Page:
10/30/12 Grade cards for schools across Indiana will be made public on Wednesday, October 31. The release date was pushed back several weeks ago due, in part, to questions by school districts about the way the grades were calculated. The grading system is a part of Public Law 221. The accountability law requires state takeover if schools are placed in a probation category or an “F” on the report card for six consecutive years.

Grades are based on several factors such as standardized test scores and graduation rates. Rating systems have been in place since 2005, but the Department of Education (DOE) has increased the number of standards used in the determination system. The previous identifying methods used words like “academic progress”, “academic watch”  and “probation”.

DOE Superintendent Tony Bennett has said that the A-F grading system is easier to understand for the public. Objections from high schools receiving “C’s’” despite showing high scores on tests, prompted the revision of the system this year. New additions included metrics, or standards, like student growth.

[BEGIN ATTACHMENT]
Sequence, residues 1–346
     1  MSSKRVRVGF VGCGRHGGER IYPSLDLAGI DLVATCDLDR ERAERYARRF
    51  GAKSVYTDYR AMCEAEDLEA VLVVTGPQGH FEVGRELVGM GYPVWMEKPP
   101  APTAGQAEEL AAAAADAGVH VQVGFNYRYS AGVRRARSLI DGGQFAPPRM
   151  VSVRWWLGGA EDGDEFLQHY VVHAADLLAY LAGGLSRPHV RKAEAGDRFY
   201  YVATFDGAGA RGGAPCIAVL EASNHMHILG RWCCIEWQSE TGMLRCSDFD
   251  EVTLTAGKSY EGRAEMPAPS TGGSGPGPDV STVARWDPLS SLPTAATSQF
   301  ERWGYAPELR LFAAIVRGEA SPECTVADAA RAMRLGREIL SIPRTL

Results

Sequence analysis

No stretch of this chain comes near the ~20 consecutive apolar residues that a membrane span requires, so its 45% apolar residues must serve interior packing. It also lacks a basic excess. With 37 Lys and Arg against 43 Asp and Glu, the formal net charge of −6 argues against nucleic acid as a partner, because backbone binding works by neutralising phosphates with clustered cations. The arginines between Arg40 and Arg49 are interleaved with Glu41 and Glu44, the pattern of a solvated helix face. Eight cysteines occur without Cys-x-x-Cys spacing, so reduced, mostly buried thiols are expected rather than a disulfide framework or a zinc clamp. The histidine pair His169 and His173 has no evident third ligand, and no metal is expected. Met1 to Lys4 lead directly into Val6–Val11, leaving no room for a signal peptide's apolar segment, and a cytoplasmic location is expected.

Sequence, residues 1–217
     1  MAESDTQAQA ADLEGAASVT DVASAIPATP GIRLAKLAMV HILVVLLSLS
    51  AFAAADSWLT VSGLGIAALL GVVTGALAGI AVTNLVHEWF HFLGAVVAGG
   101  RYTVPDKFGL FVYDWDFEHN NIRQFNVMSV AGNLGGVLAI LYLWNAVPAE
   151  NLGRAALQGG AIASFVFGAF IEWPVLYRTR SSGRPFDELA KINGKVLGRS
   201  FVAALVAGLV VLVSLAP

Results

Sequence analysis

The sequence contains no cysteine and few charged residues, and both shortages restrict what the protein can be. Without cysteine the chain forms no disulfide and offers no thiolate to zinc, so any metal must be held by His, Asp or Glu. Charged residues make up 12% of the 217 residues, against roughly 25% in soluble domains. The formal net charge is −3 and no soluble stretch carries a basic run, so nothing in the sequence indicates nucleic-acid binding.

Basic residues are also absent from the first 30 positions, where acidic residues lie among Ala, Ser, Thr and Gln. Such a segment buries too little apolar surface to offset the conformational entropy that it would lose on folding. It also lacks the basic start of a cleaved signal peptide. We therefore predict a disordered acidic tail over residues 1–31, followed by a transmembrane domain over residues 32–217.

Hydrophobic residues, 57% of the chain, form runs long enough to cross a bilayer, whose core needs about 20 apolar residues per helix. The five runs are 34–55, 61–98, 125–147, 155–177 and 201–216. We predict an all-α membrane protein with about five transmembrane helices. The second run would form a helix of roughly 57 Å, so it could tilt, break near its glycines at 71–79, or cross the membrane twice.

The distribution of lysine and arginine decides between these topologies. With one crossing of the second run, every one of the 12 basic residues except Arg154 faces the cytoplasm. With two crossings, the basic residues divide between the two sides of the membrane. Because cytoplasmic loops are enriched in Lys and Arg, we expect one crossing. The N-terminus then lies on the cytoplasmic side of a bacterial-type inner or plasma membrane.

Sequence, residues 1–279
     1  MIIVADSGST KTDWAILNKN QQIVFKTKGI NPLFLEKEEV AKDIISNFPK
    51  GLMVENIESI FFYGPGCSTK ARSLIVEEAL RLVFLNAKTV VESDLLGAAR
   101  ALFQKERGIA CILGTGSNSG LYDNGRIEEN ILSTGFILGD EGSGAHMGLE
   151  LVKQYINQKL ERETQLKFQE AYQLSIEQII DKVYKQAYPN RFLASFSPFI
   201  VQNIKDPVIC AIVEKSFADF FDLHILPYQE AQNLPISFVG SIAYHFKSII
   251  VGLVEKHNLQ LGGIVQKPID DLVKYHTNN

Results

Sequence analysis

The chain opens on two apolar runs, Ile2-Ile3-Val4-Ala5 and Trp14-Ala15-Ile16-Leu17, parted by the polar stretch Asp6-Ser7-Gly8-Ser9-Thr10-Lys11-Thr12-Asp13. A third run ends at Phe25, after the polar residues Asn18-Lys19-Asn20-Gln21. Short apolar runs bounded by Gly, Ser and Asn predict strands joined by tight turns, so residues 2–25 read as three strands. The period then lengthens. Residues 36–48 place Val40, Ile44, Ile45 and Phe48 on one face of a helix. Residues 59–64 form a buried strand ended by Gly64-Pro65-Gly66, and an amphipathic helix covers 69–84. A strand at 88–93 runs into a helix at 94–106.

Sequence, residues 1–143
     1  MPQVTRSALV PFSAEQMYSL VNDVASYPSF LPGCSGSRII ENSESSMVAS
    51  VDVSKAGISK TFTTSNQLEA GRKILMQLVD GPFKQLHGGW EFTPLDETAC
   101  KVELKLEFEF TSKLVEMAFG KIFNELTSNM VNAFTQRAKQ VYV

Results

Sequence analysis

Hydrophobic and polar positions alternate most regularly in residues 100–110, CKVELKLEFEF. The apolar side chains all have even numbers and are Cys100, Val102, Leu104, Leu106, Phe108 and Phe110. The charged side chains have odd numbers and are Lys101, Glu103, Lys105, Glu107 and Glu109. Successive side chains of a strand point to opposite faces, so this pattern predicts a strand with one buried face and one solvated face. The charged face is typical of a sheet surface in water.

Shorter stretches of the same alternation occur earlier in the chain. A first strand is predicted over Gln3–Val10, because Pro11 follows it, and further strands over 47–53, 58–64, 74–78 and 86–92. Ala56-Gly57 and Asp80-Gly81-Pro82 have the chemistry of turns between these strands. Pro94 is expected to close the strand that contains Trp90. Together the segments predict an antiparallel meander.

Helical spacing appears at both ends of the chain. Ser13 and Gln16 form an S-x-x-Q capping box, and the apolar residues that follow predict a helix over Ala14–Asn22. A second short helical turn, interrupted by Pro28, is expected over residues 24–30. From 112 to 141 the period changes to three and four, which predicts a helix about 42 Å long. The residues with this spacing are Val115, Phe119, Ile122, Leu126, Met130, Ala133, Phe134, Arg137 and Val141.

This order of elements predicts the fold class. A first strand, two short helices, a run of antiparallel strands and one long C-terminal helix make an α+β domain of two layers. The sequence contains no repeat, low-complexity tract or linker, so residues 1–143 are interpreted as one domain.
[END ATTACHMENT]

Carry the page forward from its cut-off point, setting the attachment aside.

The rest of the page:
Last year, the grades were made public in August; however, this year under a revamped system, the preliminary grades have been known only by the schools since September 19. Schools have a right to appeal their rating.

Stephanie Sample, DOE spokesperson, indicted that the number of appeals were not more than last year. According to the DOE, the delay was an effort to give principals and superintendents more time to review their data and preliminary grades. Sample said, “Because the new metric looks at so many pieces of locally provided data, districts are taking a closer look a data then every before, which is a good thing.”

Carol Anders Correspondent